Wendell Castle - 20th Century & Contemporary Art & Design Evening Sale Hong Kong Saturday, November 26, 2016 | Phillips

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  • Provenance

    Barry Friedman, New York
    Private Collection, USA
    Acquired from the above by the present owner

  • Exhibited

    New York, Barry Friedman, Ltd., Wendell Castle | Rockin', 6 May - 13 August 2010
    Kansas City, Missouri, Belger Arts Center, Wendell Castle in the 21st Century, 4 March - 3 June 2011
    Charlotte, North Carolina, Mint Museum of Craft and Design, Against the Grain: Wood in Contemporary Art, Craft and Design, 1 September 2012 - 6 January 2013; New York, Museum of Arts and Design, 5 February - 16 June, 2013

  • Literature

    Museum of Arts and Design, Against the Grain: Wood in Contemporary Art, Craft, and Design, exh. cat., New York, 2012, illustrated p. 102
    Emily Evans Eerdmans, Wendell Castle: A Catalogue Raisonné, 1958-2012, New York, 2014, illustrated p. 403, no. V.66

  • Catalogue Essay

    The bold, dynamic form of the present lot exemplifies Wendell Castle’s career-long exploration of the relationship between form and function in his work. Executed in rich Bubinga wood, the ‘Ghost Rider’ rocking chair’s organic form is pierced by negative space, an expression of Castle’s endeavour and achievement in reconciling the historically disparate genres of furniture and sculpture. Trained as a sculptor, Castle turned to furniture early in his career with the aspiration to invent new forms. Castle has since created a varied sculptural vocabulary expressed through his furniture designs, sketched by hand then executed with meticulous craftsmanship – as evident in the 'Ghost Rider' rocking chair’s sensuous, curvilinear composition. Describing his approach to his work Castle states, 'I always had one ideal – to create furniture that was equal to sculpture aesthetically and would be accepted on the same level as other art forms, by both art critics and the public.' Translating these ideas into wood, Castle’s work encourages a greater engagement from the viewer and ultimately has contributed to the recognition of design as an art form its own right.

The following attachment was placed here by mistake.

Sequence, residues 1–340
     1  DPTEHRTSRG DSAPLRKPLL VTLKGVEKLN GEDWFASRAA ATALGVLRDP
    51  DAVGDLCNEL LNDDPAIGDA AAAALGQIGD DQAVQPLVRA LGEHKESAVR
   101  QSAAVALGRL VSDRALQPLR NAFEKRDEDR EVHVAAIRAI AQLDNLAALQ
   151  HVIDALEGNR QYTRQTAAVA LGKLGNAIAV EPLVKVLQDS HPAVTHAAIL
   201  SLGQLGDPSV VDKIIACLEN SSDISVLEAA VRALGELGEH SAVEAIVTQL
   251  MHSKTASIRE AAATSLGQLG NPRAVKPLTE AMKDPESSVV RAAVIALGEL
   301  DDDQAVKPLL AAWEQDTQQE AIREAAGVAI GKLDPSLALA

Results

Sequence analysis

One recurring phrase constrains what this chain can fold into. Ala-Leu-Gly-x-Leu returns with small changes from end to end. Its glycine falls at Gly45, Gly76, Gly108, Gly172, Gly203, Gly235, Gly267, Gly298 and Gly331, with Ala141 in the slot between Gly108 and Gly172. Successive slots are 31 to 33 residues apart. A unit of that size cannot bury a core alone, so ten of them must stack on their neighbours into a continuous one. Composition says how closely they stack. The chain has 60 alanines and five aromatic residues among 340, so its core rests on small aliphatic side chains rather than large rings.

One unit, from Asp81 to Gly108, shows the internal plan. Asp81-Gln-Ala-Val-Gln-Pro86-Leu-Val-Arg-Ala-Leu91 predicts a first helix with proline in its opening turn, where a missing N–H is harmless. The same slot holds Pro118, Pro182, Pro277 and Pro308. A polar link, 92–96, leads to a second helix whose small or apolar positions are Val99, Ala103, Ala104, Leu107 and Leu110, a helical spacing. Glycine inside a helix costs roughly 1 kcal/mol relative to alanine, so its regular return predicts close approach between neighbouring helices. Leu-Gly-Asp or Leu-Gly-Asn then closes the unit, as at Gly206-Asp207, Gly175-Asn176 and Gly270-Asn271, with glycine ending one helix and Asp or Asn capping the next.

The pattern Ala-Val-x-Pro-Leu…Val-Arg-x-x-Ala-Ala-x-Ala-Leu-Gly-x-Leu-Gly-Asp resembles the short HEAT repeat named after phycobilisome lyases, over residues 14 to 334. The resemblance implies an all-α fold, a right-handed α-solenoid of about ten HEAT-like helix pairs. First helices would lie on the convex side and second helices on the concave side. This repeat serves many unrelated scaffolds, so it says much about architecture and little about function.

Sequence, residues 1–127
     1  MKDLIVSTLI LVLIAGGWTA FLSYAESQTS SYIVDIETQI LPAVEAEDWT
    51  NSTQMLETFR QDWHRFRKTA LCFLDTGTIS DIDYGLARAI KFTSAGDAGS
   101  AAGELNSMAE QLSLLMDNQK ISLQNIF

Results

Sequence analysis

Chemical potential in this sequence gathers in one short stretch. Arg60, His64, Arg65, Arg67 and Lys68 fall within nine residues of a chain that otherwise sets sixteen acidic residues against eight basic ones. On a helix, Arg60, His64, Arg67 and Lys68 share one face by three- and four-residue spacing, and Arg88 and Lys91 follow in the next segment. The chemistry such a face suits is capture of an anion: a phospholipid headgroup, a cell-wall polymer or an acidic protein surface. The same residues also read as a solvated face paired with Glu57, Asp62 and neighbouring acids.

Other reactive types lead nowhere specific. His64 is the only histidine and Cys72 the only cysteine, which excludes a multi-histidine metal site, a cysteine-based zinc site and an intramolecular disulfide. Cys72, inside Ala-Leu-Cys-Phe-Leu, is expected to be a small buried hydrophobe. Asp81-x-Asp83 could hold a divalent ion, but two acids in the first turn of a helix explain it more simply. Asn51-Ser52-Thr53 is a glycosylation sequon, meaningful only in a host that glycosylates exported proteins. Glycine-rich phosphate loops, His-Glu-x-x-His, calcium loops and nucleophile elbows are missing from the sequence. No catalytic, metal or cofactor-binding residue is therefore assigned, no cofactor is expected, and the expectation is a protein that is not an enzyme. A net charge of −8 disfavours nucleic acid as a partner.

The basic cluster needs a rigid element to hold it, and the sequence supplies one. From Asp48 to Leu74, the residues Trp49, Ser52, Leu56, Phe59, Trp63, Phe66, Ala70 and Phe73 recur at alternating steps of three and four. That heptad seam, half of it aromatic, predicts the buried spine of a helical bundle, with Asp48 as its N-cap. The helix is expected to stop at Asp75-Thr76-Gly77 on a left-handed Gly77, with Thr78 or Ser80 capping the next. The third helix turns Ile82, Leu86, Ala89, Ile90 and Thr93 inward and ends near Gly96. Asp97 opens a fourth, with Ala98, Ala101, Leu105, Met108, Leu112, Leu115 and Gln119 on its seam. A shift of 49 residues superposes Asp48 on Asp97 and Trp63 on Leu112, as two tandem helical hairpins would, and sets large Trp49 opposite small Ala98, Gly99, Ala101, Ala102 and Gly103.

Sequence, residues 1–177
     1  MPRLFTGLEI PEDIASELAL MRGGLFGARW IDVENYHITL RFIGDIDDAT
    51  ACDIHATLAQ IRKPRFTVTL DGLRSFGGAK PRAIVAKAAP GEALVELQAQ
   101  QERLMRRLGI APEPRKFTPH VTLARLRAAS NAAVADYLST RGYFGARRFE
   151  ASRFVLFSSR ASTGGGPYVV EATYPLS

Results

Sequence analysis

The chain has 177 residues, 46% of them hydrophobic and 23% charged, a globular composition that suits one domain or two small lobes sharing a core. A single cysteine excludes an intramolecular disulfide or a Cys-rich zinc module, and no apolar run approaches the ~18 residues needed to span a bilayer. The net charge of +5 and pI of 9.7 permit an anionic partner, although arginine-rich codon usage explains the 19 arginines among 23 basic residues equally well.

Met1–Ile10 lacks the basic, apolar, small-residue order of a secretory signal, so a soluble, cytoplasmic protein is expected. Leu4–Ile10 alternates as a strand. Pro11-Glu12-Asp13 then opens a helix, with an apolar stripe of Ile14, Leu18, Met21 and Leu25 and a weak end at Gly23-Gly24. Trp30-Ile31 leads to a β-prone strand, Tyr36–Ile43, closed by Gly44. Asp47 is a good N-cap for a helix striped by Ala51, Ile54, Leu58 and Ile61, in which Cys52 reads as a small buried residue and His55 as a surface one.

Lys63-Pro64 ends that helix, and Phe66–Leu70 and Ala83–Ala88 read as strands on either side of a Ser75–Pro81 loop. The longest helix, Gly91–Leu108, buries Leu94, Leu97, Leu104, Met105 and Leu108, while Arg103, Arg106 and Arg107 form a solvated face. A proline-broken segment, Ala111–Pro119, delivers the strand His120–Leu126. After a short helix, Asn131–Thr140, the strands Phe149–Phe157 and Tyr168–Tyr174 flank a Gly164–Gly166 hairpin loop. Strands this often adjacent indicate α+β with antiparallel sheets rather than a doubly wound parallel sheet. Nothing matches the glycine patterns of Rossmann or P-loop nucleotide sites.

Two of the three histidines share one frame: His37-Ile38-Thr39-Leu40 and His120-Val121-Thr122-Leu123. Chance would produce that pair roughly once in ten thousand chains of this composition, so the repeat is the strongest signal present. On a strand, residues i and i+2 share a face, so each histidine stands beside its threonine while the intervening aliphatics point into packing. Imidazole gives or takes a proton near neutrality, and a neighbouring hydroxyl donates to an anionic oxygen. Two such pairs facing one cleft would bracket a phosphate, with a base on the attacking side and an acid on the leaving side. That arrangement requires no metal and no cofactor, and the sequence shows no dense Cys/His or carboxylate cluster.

Castle presented 'Ghost Rider' in his 2010 exhibition Rockin’ at Barry Friedman, New York. The exhibition featured twelve unique chairs created from stack-laminated wood. Castle first began experimenting with stack-laminated wood in the 1960s. The intricate engineering process granted Castle greater technical control over his work, allowing him to work with new shapes and scales otherwise limited by traditional woodworking techniques. Castle credits this early work in stack-laminated wood to laying 'the foundation of [his] art' and subsequently that of the 'furniture as art' movement. The 'Ghost Rider' rocking chair’s graceful curves and dynamic volumes demonstrate Castle’s mastery of the process, while reflecting his dedicated exploration of sculptural, organic form in wood.

    Castle's work can be found in the permanent collections of major museums and cultural institutions worldwide, including the Metropolitan Museum of Art, New York; Museum of Modern Art, New York; Cooper-Hewitt National Design Museum, New York; Museum of Fine Arts, Boston; and the Victoria & Albert Museum, London.


Unique 'Ghost Rider' rocking chair

incised 'Castle 10' inside of leg
73.7 x 80 x 194.3 cm. (29 x 31 1/2 x 76 1/2 in.)
Executed in 2010.

HK$1,000,000 - 1,500,000 

Sold for HK$1,250,000

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20th Century & Contemporary Art & Design Evening Sale

Hong Kong Auction 27 November 2016